Due to length limits, however, I think Juniper Russo is preaching to the choir and not explaining enough for the people who've never given thought to the question before. A better explanation would be a short Wendell Berry's Another Turn of the Crank, which is a nice short summary of ideas he'd developed in books like Home Economics, The Gift of Good Land, and What Are People For?.

Although Another Turn of the Crank is the one I currently have for sale in the real world, Amazon makes any book by Wendell Berry "A Book You Can Buy From Me." Due to our button issues, click here to purchase these books through our unique system that offers royalty payments to Mr. Berry when you buy the books at this site.

Tuesday, August 2, 2011

Green Pencils, as in Pencils for Greens

Why Joe Biden Shouldn't Speak in Public

In the 1980s, our current Vice-President was one of the few congressional representatives to be widely known (and ridiculed) outside his home state. He was ridiculed for his use of plagiarism in public speeches.

But then, when he utters his own words, they come out like this...

Great Shades of Spiro Agnew!

Organic Foods Are Worth Their Price

This is a short, almost kindergarten-level summary of a lot of research with which the writer and I have been keeping up over several years. Don't be deceived by its simplicity...if you really want to look up studies in scientific journals, you'll find them. This is just a family-friendly, condensed alert...

Lyn Lomasi Needs One Small Correction...

The problem here is that she did not get all these benefits from writing for Yahoo's Associated Content. She got them from writing for the original Associated Content. New corporate owners, new rules...and the new rules at Associated Content are not honest.

Why Your Boss Is a Jerk

Great Kid, Bad Dad


Monday, August 1, 2011

George Allen Takes the Pledge

Virginia senatorial candidate George Allen, although Republican, pledges not to join the tax-and-spend Republicans:

Salute to Brad Ochocinco

Here's a shout-out to football player Brad Ochocinco, some of whose fans have flamed him on Twitter for mentioning that he was reading Broke (by Glenn Beck). I'd like to link to the Newsmax published web page that tells this story, but the link in the e-mail I received doesn't seem actually to lead to the page...but I'm sure those who Twitter can find the whole thing.

#1. Reading a book is a very different thing from being a fan of the author. (For example, I'm not attracted to Beck's performances, but I think the work his research team put into Broke is valuable...I might even say awesome.)

#2. Now when we actually follow up on those masses of links that are so helpfully provided in Broke, we find that Beck's presentation has erred on the side of melodrama. I'm not sure that's altogether bad. There's always room for error in interpreting statistics, and at least the melodrama motivates people who care to compare the spin different people are putting on the statistics. And the question is not whether our national economic prospects are grim, but how horrible they are.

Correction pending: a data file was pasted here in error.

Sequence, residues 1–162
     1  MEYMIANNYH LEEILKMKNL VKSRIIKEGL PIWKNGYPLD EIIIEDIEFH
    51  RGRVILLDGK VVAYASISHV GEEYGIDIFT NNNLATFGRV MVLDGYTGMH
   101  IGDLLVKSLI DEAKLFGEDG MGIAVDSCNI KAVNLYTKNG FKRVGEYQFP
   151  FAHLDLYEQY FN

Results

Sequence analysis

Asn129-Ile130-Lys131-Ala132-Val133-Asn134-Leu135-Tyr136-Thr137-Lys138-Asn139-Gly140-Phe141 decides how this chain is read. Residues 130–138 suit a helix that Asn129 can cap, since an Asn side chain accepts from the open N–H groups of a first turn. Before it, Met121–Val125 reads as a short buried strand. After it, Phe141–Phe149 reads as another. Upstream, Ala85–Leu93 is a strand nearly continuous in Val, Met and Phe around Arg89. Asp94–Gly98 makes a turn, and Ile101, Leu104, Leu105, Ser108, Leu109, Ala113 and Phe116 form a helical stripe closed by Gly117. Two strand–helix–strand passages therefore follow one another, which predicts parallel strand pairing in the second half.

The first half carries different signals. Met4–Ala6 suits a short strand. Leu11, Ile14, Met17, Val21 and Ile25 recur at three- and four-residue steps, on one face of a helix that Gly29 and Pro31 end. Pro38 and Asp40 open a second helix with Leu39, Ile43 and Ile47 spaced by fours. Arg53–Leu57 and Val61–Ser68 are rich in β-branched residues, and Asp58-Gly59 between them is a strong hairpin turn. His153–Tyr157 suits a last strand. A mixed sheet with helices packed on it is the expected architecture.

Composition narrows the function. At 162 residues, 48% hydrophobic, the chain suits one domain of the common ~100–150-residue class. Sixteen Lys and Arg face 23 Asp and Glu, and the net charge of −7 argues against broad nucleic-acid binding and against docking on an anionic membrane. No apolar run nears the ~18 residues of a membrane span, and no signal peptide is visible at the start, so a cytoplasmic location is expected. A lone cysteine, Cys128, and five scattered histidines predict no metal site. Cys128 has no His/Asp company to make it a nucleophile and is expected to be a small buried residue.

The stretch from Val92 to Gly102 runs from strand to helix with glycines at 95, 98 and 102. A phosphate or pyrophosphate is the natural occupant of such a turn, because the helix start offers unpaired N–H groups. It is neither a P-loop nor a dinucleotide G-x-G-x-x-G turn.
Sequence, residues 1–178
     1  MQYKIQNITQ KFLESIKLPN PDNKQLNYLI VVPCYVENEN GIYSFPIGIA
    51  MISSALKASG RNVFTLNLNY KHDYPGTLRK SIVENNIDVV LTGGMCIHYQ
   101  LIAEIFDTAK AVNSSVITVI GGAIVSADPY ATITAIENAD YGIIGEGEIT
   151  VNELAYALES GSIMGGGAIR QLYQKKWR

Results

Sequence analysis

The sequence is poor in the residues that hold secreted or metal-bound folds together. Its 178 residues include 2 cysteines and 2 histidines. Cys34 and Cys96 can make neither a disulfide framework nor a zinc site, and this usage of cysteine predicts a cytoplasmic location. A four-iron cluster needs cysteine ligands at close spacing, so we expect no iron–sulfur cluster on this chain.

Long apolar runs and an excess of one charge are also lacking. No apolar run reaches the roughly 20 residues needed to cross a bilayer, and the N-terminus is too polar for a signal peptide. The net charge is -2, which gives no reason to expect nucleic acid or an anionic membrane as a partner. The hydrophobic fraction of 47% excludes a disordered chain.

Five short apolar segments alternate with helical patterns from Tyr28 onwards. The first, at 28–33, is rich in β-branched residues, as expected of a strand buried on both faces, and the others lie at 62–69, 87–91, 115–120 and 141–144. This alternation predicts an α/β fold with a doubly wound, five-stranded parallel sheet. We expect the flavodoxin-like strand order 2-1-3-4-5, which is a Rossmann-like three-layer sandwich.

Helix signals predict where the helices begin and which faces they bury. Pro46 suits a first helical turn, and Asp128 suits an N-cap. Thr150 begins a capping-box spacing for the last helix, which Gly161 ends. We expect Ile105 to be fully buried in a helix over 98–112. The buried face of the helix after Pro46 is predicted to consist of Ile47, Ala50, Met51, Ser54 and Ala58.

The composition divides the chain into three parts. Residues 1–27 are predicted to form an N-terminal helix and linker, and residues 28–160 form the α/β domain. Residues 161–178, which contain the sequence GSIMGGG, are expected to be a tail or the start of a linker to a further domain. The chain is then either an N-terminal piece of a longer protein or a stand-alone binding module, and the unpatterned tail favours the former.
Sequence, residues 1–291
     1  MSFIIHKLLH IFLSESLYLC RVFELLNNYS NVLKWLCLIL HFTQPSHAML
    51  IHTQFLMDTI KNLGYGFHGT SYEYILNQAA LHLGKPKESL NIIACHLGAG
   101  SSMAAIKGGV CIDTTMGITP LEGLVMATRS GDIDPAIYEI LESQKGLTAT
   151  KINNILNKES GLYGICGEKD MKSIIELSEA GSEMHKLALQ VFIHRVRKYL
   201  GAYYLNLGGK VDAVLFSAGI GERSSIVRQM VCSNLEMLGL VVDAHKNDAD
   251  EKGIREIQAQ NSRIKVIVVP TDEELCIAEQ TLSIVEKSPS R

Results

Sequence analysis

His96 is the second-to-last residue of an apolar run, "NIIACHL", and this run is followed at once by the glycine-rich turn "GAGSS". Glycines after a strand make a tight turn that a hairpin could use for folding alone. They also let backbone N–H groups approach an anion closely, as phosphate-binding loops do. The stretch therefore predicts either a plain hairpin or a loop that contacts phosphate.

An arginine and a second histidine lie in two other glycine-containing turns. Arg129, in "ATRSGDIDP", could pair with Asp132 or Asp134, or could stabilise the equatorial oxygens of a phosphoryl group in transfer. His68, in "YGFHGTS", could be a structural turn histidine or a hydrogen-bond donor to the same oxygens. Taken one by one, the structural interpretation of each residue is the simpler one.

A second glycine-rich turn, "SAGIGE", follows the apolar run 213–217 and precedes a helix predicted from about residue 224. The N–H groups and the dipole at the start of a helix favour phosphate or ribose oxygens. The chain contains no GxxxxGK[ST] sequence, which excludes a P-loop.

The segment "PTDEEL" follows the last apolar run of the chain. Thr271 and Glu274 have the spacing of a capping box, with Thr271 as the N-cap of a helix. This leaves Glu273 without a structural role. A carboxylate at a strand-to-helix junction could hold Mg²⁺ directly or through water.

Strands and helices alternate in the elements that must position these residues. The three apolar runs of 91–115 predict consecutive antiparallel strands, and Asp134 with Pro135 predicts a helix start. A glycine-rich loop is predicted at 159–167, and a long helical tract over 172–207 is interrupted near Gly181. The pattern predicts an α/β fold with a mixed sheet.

#3. Football players have been stereotyped for too long as big dumb oxen who wouldn't know which end of a substantial book to open first. I'm not a football fan, but I am a fan of stereotype-busters and promoters of literacy...and I've just become a fan of Ochocinco.

If you Twitter, please let my new favorite football player (since Jerry Rice) know he's gained a fan.

Phenology 8/1/11

Well, the heat finally broke--overnight lows in the sixties--positively chilly.

Other birds are quieter, but I'm hearing more cardinal songs: duets. So far I've not seen (through the thick leaves) whether this means two cardinal families are trying to divide the territory, or a mockingbird is messing with my male cardinal's mind. I've seen more mockingbirds here than previously (possibly due to warmer weather). They do enjoy messing with other creatures' minds. Once in Maryland I saw a mockingbird fly up to a group of other birds and imitate a cicada (made them look), and in Florida a mockingbird used to give my mother a workout by flying to different windows and imitating her patient's cell phone!

I'm surprised by how few moths have survived the early thaws and late freezes this spring. Usually in late summer the light-seeking moths are a nuisance; not this year.

The usual wildflowers (clover, vetch, daisies, a few late "fleabane daisies," thistles, early asters, Queen Anne's Lace, chicory) are blooming abundantly. At home I have a purple "Rose of Sharon," sort of a northern hibiscus, a cultivated bush introduced by my mother, that's hardly bloomed at all this year, and a white one that's bloomed more than I think it's bloomed in all the previous years of its life.

The orchard has produced some fruit...more than I expected after the last killing freeze this spring...nothing you could call a crop.